Southampton Continue to Reach New Heights Under Mauricio Pochettino

One of the more interesting developments during the 2012-13 Premier League season was the firing of Southampton FC manager, Nigel Adkins. Prior to his sacking, Adkins had only lost twice over a stretch of twelve games. He had the best post-war win percentage in Southampton’s history and had overseen consecutive promotions. According to Premier League managers and some football experts the firing of Adkins was harsh.

Southampton executive chairman Nicola Cortese is one of the more demanding and goal-oriented people in all of sports management. Cortese’s vision for Southampton is to have the best academy in England while the club also pushes for European football. He had a five-year plan to see Southampton promoted to the Premier League and accomplished that goal in only two-and-a-half years.

At the time of Adkins dismissal, Southampton was in fifteenth place in the league and was a part of the relegation conversation. Cortese felt Nigel Adkins had “peaked” and had done everything he could do at the club. The chairman thought it was time to bring someone in to take Southampton to the next level and he felt Mauricio Pochettino was the man to do it.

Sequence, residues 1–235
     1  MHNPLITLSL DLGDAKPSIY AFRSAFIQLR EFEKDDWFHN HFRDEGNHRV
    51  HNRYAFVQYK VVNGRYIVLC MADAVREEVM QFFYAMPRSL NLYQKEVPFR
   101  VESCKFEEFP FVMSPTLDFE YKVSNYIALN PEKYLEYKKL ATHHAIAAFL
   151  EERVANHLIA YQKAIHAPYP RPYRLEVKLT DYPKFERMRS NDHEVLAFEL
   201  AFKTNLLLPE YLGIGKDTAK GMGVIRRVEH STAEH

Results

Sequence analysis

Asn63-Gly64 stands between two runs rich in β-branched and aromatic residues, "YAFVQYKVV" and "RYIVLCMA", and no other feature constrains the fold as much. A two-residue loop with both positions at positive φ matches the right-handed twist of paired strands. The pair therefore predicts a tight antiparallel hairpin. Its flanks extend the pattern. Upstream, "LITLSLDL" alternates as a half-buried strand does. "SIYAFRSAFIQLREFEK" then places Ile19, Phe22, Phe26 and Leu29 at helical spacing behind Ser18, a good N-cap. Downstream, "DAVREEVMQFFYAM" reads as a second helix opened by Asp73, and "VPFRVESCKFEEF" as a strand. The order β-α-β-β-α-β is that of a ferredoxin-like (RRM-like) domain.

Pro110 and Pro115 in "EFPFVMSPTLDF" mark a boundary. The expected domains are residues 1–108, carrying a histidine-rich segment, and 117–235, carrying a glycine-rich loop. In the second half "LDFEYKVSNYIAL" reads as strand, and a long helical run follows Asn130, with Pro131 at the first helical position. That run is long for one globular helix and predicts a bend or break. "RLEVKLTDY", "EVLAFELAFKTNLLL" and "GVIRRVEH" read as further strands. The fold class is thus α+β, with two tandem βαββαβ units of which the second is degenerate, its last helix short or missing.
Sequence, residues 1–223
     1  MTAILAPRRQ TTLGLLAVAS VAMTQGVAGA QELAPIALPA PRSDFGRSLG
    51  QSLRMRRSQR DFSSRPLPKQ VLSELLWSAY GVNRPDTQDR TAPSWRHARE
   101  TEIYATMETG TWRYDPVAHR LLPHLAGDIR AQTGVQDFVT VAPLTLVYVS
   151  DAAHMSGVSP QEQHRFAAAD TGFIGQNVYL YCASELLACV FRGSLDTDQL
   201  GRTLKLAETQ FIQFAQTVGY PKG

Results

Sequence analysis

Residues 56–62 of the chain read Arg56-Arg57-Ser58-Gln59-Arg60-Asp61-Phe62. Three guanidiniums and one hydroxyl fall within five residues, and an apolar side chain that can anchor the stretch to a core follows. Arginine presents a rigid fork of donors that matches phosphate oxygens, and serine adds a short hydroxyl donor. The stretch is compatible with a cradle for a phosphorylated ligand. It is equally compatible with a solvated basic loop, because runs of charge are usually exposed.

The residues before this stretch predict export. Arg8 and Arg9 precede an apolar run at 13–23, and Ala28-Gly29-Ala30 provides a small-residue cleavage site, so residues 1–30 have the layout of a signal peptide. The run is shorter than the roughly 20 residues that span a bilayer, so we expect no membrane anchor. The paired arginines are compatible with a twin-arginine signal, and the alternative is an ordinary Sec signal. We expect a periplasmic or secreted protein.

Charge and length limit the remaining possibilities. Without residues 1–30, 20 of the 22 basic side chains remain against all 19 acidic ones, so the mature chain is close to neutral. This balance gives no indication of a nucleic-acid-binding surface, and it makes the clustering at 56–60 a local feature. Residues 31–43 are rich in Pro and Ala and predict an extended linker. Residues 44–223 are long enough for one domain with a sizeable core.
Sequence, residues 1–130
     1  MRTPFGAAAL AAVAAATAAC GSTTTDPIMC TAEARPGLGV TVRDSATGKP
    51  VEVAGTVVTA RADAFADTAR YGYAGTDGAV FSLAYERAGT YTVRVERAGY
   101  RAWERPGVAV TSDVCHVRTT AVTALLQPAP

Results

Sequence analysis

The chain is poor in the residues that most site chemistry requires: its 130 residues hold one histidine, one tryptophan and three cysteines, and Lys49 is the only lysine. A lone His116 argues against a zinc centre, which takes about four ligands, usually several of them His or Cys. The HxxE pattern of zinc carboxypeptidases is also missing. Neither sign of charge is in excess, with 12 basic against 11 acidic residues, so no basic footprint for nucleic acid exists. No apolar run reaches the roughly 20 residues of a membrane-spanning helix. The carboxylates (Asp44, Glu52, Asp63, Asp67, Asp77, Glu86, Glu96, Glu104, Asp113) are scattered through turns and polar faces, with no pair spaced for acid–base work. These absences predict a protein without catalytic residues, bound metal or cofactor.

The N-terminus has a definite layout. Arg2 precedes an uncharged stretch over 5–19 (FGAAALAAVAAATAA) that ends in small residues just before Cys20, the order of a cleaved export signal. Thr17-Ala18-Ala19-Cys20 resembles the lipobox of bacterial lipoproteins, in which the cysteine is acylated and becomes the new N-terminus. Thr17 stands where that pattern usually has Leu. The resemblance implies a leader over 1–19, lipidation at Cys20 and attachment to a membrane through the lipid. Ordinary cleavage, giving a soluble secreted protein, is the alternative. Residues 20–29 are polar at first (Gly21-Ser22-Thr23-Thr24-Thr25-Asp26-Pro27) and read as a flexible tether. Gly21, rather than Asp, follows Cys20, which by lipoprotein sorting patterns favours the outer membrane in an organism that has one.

Although Cortese’s decision was met with outside criticism, within the club the choice was understood and accepted. Southampton keeper Kelvin Davis justified the sacking by saying, “We achieved a lot while he [Adkins] was at the club in a short space of time and the club is continuing to grow without him now.”

Mauricio Pochettino came to Southampton after being terminated by the Spanish club, Espanyol in 2012. He had taken over the club in January 2009 and led them to a comfortable tenth place finish in La Liga. Over the course of the next two seasons, Pochettino would lead the club to respectable finishes in the league table (eleventh place in 2009-10 and eighth place in 2010-11). But the club’s form dipped during the 2011-12 season and they finished fourteenth in the league, only six points shy of the relegation zone. The following year, Pochettino was sacked after thirteen games and Espanyol sitting in last place in La Liga.

Despite his termination from Espanyol, Pochettino was widely respected for his footballing philosophy. His club had played a pressing, entertaining style and the Argentine had shown a maturity as a manager beyond his young age (Pochettino was forty years old when Southampton hired him).

Upon his hiring, Pochettino wasted no time instilling his philosophy and mentality with the players. His high-pressing style and ability to squeeze the ball from opponents fit well with his new team. He wanted Southampton to dominate possession. How could their opponents score if they didn’t have the ball?

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